The San Francisco District Attorney’s Office announced on Monday that a Walgreens security guard who fatally shot a transgender shoplifter will not be charged because he was in “mortal danger.”

Across the U.S., the black community has grown increasingly emboldened to steal from stores because they face no penalty for doing so. This problem has grown particularly rampant in California because stealing merchandise worth $950 or less is just a misdemeanor, meaning that law enforcement likely won’t pursue the thieves. Additionally, for safety purposes, employees are instructed to not engage with shoplifters.

On April 27, a 33-year-old security guard named Michael Earl-Wayne Anthony was working at Walgreens in downtown San Francisco when a transgender woman named Banko Brown, 24, attempted to leave the store with a bag of stolen merchandise.

Anthony tried to stop Brown but she began to fight back and threatened to stab him, which caused Anthony to fear for his life as they continued to struggle.

Anthony put Brown in a chokehold and got her down on the floor of the store. He eventually got off her and seemed to be letting her go. Brown ran for the bag of stolen goods and tried to back out of the store. However, Anthony followed her out and, when Brown seemed to lung towards him, Anthony shot her.

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The surveillance footage from the Walgreens showing the altercation and shooting was released to the public.

WARNING: Some viewers may find the following footage disturbing

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In an interview with SFPD that was released to the public, Anthony recounted the incident as it played out in his memory. He said, “The whole time we were wrestling, she’s saying she’s gonna stab me and that’s what really put fear in my heart.”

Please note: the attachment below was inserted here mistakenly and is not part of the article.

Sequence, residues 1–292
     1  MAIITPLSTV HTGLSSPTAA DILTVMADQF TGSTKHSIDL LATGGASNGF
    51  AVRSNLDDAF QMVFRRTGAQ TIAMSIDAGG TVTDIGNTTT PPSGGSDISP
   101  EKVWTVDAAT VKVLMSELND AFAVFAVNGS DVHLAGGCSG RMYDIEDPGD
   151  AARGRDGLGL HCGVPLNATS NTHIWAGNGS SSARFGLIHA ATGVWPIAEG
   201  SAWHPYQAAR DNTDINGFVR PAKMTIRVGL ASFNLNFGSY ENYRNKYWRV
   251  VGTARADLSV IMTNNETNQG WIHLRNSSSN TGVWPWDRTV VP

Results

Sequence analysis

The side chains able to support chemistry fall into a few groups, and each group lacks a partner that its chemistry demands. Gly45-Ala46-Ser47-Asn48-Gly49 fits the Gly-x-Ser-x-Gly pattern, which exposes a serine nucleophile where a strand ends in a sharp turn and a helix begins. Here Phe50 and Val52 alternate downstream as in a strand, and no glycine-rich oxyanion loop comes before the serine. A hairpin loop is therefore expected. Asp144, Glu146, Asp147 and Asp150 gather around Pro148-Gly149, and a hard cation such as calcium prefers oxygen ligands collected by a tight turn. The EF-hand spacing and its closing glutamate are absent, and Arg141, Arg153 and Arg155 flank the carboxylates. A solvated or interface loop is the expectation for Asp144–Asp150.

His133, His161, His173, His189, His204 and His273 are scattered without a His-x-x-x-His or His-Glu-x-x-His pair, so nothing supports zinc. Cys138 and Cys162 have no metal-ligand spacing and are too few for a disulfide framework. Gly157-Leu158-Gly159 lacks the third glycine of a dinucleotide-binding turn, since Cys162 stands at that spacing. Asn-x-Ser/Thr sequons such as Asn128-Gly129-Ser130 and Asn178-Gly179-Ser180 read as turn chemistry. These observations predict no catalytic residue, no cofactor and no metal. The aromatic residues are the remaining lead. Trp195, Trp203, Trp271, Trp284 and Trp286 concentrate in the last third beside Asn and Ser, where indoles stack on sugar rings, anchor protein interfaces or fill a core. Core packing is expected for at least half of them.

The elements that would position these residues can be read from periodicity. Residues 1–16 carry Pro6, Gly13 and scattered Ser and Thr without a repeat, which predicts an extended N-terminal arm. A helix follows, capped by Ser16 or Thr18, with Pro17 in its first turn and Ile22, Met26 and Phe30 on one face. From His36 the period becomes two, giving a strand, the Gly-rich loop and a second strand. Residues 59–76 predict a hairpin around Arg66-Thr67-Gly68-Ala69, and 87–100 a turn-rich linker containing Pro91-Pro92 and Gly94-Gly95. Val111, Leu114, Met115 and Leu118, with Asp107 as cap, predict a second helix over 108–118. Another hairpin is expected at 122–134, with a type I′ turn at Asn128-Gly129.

“She walked towards the door, but then she turned around and advanced back turned towards me. That’s when I already had my weapon drawn and when she moved towards me, that’s when I fired one shot. I didn’t want to do that. I didn’t. I felt like I was in danger. I felt like I was going to be stabbed… and I didn’t know what to expect after the hostility,” explained Anthony.

The day after the shooting, Anthony was arrested on suspicion of murder but was released the following day.

In a controversial ruling, District Attorney Brooke Jenkins said that Anthony was in “mortal danger” and “acted in self-defense,” and therefore would not be charged.

“At this time there is nothing to rebut his statements regarding the fact that he acted in self-defense,” said Jenkins. “It was our conclusion that we did not have such evidence and that is why we have arrived at this decision at this time.”

Jenkins released a report on Monday explaining that there was “insufficient evidence” that Anthony’s actions justified a murder or manslaughter charge. The DA also encouraged the public to consider all the evidence before jumping to a conclusion about the case.

“While I understand as a resident you would say well just let the jury decide, that is not the standard for charging we have to believe at the time that we charge a case that a jury of 12 will convict, not let’s just charge the case and see what happens,” Jenkins said.

San Francisco Supervisor Aaron Peskin, however, was troubled by the evidence he was presented with.

Speaking about the security footage, Peskin said, “There’s distance between them, Banko Brown is unarmed, Banko Brown is outside of the store.”

“I am personally asking both CA’s Attorney General as well as the US Department of Justice to review the evidence in this case,” he added. “This is not who we are, stealing a bag of candy does not warrant death.”

Banko Brown

San Francisco Supervisor Shamann Walton joined Peskin’s condemnation of Jenkins’ decision and shared his own perspective of the events shown in the security footage.

“I have watched the video several times, Banko Brown was clearly walking backwards, after being thrown to the ground, punched, and abused by the security guard for several seconds,” said Walton. “The security guard successfully subdues Banko and lets him go. Banko walks backwards and is executed.”

“The security guard had the upper hand the entire time and even told Banko that he was letting him go as stated in the transcript by the DA. Where is the perceived threat? DA Jenkins’ decision to not charge gives every armed security guard in San Francisco a license to have an open season to shoot and kill black and transgender people for alleged shoplifting.”

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